Conscious Sexual Self

Connection Requires Consciousness

More of What Makes My Head Explode


I was meeting with a new client who is concerned because she is not feeling much in the way of sexual desire and it is causing problems with her husband. As we are talking and I am getting the bigger picture of her life, she mentions that she brought up her lack of desire with her psychiatrist and the psychiatrist told her to “drink a glass of wine” and that should help. HEAD EXPLODING. Now aside from this being pathetic advice and not related to increasing desire in any way (more on that in a bit), I should mention that the client in this story is 5 years sober. So I can only imagine that this psychiatrist was so thrown by the topic of sexuality that she gave this knee-jerk inappropriate, if not unprofessional, piece of advice.

So for those of you reading, let’s clarify why this was bad advice, for anyone, not just a client in sobriety. Alcohol – in small amounts! - can lower our inhibitions and help us relax. True enough. But sexual desire is not equivalent to low inhibitions. If someone is not feeling sexual, it is just as likely that a glass of wine will only make them uninhibited enough to say, “no way, I just want to watch the game”. Supporting someone who wants sex but feels inhibited or ashamed about it is totally different than helping someone who wants to want sex but just currently doesn’t.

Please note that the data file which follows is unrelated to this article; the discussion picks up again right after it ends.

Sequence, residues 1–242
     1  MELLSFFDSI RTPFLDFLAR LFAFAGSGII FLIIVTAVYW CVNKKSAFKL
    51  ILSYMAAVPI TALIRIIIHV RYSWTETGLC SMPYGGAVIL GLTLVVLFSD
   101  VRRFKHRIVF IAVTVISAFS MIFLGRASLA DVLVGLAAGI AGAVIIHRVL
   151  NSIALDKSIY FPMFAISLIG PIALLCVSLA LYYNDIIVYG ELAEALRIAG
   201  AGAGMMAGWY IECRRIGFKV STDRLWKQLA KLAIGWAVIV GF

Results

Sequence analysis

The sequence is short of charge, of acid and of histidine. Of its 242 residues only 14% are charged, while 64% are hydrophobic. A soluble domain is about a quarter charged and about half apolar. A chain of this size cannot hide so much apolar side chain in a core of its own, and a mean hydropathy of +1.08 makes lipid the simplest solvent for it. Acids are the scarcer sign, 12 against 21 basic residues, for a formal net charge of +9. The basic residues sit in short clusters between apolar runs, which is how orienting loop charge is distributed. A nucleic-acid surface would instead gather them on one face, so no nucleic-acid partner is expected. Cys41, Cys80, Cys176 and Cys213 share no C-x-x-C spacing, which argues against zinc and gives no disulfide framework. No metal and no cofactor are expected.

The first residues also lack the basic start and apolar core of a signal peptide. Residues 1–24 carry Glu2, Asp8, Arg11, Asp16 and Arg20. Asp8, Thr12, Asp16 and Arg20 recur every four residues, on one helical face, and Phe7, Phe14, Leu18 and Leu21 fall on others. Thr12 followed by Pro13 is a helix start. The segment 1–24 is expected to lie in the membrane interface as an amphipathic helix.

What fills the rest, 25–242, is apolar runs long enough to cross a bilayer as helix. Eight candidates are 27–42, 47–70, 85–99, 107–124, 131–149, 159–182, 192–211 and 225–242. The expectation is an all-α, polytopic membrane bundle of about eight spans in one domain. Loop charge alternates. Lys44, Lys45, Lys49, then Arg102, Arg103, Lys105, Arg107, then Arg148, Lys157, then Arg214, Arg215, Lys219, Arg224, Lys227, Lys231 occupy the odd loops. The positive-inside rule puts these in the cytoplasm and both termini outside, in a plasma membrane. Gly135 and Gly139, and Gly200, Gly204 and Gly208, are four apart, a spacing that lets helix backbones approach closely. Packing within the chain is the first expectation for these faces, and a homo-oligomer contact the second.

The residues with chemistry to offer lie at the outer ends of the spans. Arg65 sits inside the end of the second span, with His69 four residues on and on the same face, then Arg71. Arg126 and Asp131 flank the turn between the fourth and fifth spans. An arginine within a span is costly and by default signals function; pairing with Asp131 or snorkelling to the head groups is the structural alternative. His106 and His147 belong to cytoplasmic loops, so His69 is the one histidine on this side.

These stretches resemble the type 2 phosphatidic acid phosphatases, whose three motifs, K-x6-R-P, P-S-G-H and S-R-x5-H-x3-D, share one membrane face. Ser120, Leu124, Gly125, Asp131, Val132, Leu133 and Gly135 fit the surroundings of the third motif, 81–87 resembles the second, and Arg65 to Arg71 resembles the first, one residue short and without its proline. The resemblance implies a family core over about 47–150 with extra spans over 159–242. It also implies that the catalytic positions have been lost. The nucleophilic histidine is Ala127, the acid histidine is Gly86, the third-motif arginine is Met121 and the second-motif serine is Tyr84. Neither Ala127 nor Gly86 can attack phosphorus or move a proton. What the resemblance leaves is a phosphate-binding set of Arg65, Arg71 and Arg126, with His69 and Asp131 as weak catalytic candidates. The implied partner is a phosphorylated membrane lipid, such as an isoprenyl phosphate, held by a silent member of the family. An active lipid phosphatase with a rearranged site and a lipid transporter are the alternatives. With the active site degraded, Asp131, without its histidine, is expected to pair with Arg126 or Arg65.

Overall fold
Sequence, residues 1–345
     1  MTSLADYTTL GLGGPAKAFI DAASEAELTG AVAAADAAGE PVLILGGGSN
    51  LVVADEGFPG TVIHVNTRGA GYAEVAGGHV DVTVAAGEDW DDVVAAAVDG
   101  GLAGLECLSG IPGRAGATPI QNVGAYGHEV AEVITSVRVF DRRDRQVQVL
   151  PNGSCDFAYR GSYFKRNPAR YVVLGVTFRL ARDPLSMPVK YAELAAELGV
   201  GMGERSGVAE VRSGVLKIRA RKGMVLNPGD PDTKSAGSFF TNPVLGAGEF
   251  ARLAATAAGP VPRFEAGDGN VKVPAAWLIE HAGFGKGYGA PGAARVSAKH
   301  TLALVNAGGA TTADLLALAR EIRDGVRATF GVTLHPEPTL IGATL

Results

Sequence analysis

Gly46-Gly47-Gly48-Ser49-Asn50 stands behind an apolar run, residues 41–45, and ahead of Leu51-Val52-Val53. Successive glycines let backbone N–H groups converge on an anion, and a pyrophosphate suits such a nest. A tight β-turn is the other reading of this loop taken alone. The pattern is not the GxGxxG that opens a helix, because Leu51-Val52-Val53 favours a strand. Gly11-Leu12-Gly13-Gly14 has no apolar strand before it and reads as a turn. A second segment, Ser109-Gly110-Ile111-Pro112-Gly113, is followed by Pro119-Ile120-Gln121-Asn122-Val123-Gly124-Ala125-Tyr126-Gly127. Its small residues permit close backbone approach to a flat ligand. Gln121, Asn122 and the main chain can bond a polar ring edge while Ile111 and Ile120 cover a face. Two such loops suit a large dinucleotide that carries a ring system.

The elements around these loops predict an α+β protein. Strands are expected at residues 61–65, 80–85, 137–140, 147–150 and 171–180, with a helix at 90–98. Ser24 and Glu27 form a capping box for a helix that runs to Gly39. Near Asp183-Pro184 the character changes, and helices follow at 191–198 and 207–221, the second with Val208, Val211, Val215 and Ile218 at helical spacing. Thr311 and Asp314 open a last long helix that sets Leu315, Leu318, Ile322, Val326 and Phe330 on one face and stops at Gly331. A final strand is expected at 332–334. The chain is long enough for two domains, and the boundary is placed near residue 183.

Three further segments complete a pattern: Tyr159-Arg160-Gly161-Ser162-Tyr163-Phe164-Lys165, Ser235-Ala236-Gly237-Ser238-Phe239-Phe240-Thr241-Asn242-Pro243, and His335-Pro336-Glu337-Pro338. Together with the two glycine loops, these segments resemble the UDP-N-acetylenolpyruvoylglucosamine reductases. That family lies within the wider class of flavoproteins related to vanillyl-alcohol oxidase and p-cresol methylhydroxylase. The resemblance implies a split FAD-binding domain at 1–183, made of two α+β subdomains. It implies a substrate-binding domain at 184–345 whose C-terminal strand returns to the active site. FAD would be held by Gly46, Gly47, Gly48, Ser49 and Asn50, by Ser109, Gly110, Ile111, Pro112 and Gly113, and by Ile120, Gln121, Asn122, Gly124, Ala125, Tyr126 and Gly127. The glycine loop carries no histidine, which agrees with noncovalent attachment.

There is so much to explore and consider when you are working with someone with desire issues and so many deep and insightful places that conversation can go. What a waste to stop the exploration with a throw away, impersonal “solution”. Desire is mysterious. It can require us to look deeply and with compassion at the intersections of our needs, identities, life phases, and relationships that all pull and draw us in sometimes conflicting directions.

Bottom line : We can do so much better than this. We should be doing so much better than this. For therapists and other professionals out there, the time is now. You don’t all have to be sex therapists. Hey I want to keep my job. But it is part of your responsibility to be sexually aware enough to provide someone with a clear-headed space to bring up sexual concerns without getting shut down. If you feel lacking in this area, be compassionate with your own place in a sexually uninformed culture and then seek out good training and education. Have good referrals; take sex seriously as the nuanced and valuable thing that it is in our lives.

And if you are someone looking for sexual support or exploration, there are people who are able to be supportive of you as a unique person. They are out there. I promise. Keep looking.

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Interested in trainings on sexuality and relationships? Get on the mailing list for Melissa’s upcoming trainings, follow along on the Facebook page or bring Melissa to your area or organization by coordinating a training. Send Melissa an email to connect - melissa@mf-therapy.com


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